This impersonal character is certainly surprising. But there can be explanations. Paul may have been addressing a group of Asian churches rather than just the Ephesian church. Paul may have been addressing those members of Gentile origin whom he did not know personally. In any case, this is no definite proof against Paul’s authorship.


Others use the theological argument. Some emphasized that in Ephesians, as distinct from other letters of Paul, the role of Christ assumes a cosmic dimension, that the sphere of interest is in “the heavenly places” in which the principalities and powers operate, that the focus of concern is the church, that “justification” is not mentioned, that “reconciliation” is more between Jews and Gentiles than between the sinner and God, that salvation is portrayed not as dying with Christ but only as rising with Him, and that there is no reference to our Lord’s second coming. None of these points is more than a comparatively minor shift of emphasis, however. And there can be no mistaking the letter’s essentially Pauline theology.


A.M. Hunter rightly says that “the burden of proof lies with those who deny Paul’s authorship.” There are external and internal evidences that the author is Paul. Externally, there is the impressive witness of the universal church for 18 centuries. Internally, the letter not only purports to be written by the apostle Paul throughout, but its theme of the union of Jews and Gentiles by God’s gracious reconciling work through Christ is wholly appropriate to what we learn elsewhere about the apostle to the Gentiles.


Place and Date


Most Biblical scholars believe that the letter was written by Paul when he was in prison in Rome (Eph 3:1; 4:1; 6:20) at about AD 60.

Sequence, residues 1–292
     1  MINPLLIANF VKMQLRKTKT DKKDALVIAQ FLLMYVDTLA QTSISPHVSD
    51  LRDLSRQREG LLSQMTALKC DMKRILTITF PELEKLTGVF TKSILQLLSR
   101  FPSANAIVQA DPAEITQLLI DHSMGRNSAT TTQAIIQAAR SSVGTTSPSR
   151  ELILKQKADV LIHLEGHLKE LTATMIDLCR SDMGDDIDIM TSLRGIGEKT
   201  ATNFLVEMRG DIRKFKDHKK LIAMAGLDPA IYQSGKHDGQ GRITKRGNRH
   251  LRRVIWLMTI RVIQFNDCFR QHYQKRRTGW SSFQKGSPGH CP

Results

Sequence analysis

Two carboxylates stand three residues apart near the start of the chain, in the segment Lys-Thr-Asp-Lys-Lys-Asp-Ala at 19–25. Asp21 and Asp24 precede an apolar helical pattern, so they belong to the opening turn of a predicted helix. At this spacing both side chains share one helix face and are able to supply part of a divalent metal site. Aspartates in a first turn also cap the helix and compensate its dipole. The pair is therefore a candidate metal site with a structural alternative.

Originally a Greek colony, Ephesus was now the capital of the Roman province of Asia and a busy commercial port. It was also the headquarters of the cult of the goddess Diana (Roman name for the Greek goddess Artemis) whose temple, after being destroyed in the 4th century BC, had gradually been rebuilt to become one of the seven wonders of the world.


There is a problem with the destination of the letter. The words “at Ephesus” are not to be found in the earliest papyrus manuscript from the 2nd century. Origen in the 3rd century did not know them. Moreover, Marcion in the middle of the 2nd century referred to Ephesians as having been addressed “to the Laodiceans”. Some thought that Ephesians could be the so-called “letter from Laodicea” (Col 4:16). Certainly, Tychicus was the bearer of the two letters (Eph 6:21-22; Col 4:7-8).


An explanation proposed by Beza (16th century) and supported by Ussher (17th century) was that Ephesians was originally a kind of apostolic encyclical or circular letter intended for several Asian churches, that a blank space was left in the first verse for each church to fill in its own name when read, and that the name of Ephesus became attached to the letter because it was the principal Asian city. However, this explanation is entirely speculative.


Charles Hodge thought that perhaps the letter was “written to the Ephesians and addressed to them, but being intended specially for the Gentile Christians as a class, rather than for the Ephesians as a church, it was designedly thrown into such a form as to suit it to all such Christians in the neighbouring churches, to whom no doubt the apostle wished it to be communicated.”




The letter focuses on what God did through the historical work of Jesus Christ and does through His Spirit today, in order to build His new society in the midst of old. The subjects: